A map is a symbolic representation of selected characteristics of a place, usually drawn on a flat surface. A map is a symbolic representation of selected characteristics of a place, usually drawn on a flat surface
They teach about the world by showing sizes and shapes of countries, locations of features, and distances between places. Maps can show distributions of things over Earth, such as settlement patterns
Mapmakers, called cartographers, create maps for many different purposes. Vacationers use road maps to plot routes for their trips

Learning to interpret topographic maps: Understanding layered spatial information [13]

Learning to interpret topographic maps: Understanding layered spatial information. Novices struggle to interpret maps that show information about continuous dimensions (typically latitude and longitude) layered with information that is inherently continuous but segmented categorically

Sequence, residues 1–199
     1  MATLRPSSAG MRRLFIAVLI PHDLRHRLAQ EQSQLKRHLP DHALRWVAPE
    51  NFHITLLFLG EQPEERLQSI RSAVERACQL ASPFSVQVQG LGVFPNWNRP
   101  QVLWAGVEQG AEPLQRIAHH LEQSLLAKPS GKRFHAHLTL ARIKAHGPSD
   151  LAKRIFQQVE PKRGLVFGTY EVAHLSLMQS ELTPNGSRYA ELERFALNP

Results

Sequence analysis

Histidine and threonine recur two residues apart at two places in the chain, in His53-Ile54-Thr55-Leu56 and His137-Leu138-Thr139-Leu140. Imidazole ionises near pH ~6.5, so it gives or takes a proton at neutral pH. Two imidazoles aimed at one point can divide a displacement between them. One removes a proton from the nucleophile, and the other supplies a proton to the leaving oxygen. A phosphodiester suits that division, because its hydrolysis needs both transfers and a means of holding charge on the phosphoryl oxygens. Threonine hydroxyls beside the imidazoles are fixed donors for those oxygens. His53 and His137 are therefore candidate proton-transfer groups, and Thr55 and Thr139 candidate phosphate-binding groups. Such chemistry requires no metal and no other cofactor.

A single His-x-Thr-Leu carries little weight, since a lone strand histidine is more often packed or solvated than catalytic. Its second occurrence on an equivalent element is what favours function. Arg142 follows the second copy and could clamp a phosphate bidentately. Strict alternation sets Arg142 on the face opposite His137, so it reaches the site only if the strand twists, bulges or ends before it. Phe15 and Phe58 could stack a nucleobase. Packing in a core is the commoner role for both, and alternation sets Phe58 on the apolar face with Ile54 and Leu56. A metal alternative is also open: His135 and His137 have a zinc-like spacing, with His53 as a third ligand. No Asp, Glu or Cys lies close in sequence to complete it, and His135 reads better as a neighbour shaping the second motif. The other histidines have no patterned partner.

Successful comprehension requires understanding that continuous elevation information is categorically encoded using contour lines, as well as skill in visualizing the three-dimensional shape of the terrain from the contour lines. In Experiment 1, we investigated whether novices would benefit from pointing and tracing gestures that focus attention on contour lines and/or from three-dimensional shape gestures used in conjunction with three-dimensional models
Directing attention to the contour lines may help both in code breaking (seeing how the lines encode elevation) and in shape inference (seeing how the overall configuration of lines encodes shape). In Experiment 2, we varied the language paired with pointing and tracing gestures; key phrases focused either on elevation information or on visualizing shape

maps and globes [14]

A map is a graphical representation, usually in two dimensions, of Earth’s surface, an ocean floor, a night sky, or another large area. Some three-dimensional models and diagrams of complex topics, flows, and changes over time are also called maps (for example, a genetic map)